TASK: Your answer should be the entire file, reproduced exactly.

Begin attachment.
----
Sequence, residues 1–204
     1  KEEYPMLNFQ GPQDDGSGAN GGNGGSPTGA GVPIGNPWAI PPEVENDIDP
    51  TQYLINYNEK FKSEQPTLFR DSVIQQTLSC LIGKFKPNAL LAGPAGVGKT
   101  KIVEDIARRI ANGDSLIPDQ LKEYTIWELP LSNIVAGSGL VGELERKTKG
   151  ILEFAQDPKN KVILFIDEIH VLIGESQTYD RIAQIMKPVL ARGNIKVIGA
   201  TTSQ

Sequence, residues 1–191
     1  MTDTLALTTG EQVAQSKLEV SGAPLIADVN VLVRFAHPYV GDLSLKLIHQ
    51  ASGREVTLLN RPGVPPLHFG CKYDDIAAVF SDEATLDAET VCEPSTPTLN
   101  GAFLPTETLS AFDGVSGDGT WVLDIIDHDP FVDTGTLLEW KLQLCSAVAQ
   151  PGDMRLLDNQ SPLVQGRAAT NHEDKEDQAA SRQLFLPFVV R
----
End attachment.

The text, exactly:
Sequence, residues 1–204
     1  KEEYPMLNFQ GPQDDGSGAN GGNGGSPTGA GVPIGNPWAI PPEVENDIDP
    51  TQYLINYNEK FKSEQPTLFR DSVIQQTLSC LIGKFKPNAL LAGPAGVGKT
   101  KIVEDIARRI ANGDSLIPDQ LKEYTIWELP LSNIVAGSGL VGELERKTKG
   151  ILEFAQDPKN KVILFIDEIH VLIGESQTYD RIAQIMKPVL ARGNIKVIGA
   201  TTSQ

Sequence, residues 1–191
     1  MTDTLALTTG EQVAQSKLEV SGAPLIADVN VLVRFAHPYV GDLSLKLIHQ
    51  ASGREVTLLN RPGVPPLHFG CKYDDIAAVF SDEATLDAET VCEPSTPTLN
   101  GAFLPTETLS AFDGVSGDGT WVLDIIDHDP FVDTGTLLEW KLQLCSAVAQ
   151  PGDMRLLDNQ SPLVQGRAAT NHEDKEDQAA SRQLFLPFVV R